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How to adjust neck on Fender 1960 CS

Discussion in 'Hardware, Setup & Repair [BG]' started by bassgrackle, Jan 29, 2017.

  1. bassgrackle

    bassgrackle Supporting Member

    Aug 17, 2010
    IMG_0244.JPG i just got my hands on a new Fender 1960 CS. And the neck seems to need to come off to be adjusted. Is that correct? If so which way do I turn the screw head to straighten the neck?
  2. Zooberwerx

    Zooberwerx Gold Supporting Member

    Dec 21, 2002
    Virginia Beach, VA
    From the manual: "To adjust the truss rod, use either a large Phillips or flathead screwdriver (for most vintage style basses), or the hex wrench supplied with your bass (for modern basses). Note that for vintage-style basses with the truss rod adjustment at the neck heel, you must remove the strings and loosen the neck mounting screws and/or remove the pickguard to gain access to the truss rod adjustment nut"

    You may have access by removing just the pickguard but don't count on it. I would recommend removing the pickguard & neck and carve (...gotta love me some Dremel!) an access for future adjustments. It may alter authenticity but it's a RI for cryin' out loud.

  3. bassgrackle

    bassgrackle Supporting Member

    Aug 17, 2010
    I was afraid of that, but I will give it a try.
    It is an RI but it's a custom shop RI. I would have expected the custom shop to modify these RIs to be more user friendly.
  4. 96tbird

    96tbird PLEASE STAND BY

    It's a re-issue. If it was modified out of the gate it wouldn't be an accurate RI. :woot:
    Ace Of Bass, Gluvhand and wcriley like this.
  5. two fingers

    two fingers Opinionated blowhard. But not mad about it. Gold Supporting Member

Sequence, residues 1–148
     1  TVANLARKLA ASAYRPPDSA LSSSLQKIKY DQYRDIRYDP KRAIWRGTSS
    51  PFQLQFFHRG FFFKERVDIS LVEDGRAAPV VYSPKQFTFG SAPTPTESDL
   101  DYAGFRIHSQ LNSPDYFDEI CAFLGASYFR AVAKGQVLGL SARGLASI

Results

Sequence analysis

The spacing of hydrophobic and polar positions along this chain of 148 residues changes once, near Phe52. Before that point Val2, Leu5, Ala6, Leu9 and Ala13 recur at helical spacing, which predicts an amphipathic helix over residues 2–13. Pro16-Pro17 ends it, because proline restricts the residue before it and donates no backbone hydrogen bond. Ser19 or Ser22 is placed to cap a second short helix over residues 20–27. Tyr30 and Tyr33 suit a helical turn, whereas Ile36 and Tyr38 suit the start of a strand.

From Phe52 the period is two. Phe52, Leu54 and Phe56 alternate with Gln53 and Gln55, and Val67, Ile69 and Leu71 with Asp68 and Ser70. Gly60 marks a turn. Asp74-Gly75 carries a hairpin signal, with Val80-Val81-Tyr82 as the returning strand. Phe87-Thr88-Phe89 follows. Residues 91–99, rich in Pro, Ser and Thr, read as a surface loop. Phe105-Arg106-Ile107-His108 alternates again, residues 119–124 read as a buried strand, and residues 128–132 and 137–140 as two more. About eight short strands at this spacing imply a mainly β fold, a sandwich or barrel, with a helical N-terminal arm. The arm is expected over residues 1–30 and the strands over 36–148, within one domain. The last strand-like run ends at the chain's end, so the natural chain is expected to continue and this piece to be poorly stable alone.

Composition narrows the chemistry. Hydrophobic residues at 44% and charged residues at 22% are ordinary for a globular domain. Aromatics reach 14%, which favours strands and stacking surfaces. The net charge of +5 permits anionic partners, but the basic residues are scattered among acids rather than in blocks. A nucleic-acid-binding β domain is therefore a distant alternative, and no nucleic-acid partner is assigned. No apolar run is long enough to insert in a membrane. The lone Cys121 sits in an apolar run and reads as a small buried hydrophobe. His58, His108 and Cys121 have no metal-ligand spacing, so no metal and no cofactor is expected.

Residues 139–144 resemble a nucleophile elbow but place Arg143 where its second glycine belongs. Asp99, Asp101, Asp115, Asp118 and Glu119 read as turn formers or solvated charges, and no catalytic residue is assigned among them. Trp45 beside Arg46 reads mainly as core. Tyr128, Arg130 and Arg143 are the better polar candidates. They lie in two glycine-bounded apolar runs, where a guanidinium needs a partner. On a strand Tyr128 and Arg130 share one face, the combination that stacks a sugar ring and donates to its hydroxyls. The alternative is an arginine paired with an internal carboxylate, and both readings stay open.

Feb 7, 2005
    Eastern NC USA
    Yeah it's a very accurate reproduction of an awful original design.
    Pilgrim, wcriley and sissy kathy like this.
  6. 96tbird

    96tbird PLEASE STAND BY

    Hey it was the 1950s. It wasn't crappy then. It was well engineered. It was years before others began refining and improving design. It works. Therefore not crappy; merely adequate by today's standards. It still works very well, an INCONVENIENCE, yes but it works just fine. There's always a starting point in engineering followed by refinement.

    People like reissues. So they keep them accurate. Why some insist on dropping poop at every opportunity..... jeepers.
    Ace Of Bass, Ale the Snail and Axstar like this.
  7. Axstar


    Jul 8, 2016
    East of Eden.
    A relic from an era when cheaper electric guitars and basses simply didn't have adjustable rods. Maybe a steel bar if you were feeling lucky! If the rod needs frequent work then maybe carving an access route under the pickguard is the way to go. Had Fender done this out the gate then people would be upset at them for trampling all over historical accuracy. Damned if you do....
    sissy kathy likes this.
  8. Lownote38


    Aug 8, 2013
    Nashville, TN
    It can be done with a narrow (but thick) flat head screwdriver without removing anything if you're careful. The pick guard already has a slight notch. Take the narrow flat head screwdriver and insert it into the part of the truss rod nut slot that's visible. To remove relief turn clockwise. To put relief in, turn counter-clockwise. That's the way I adjust my '68 Precision, and I've never put a scratch on it using this method.
  9. This gives me the opportunity to use this quote: "It's not a bug, it's a feature." ;)

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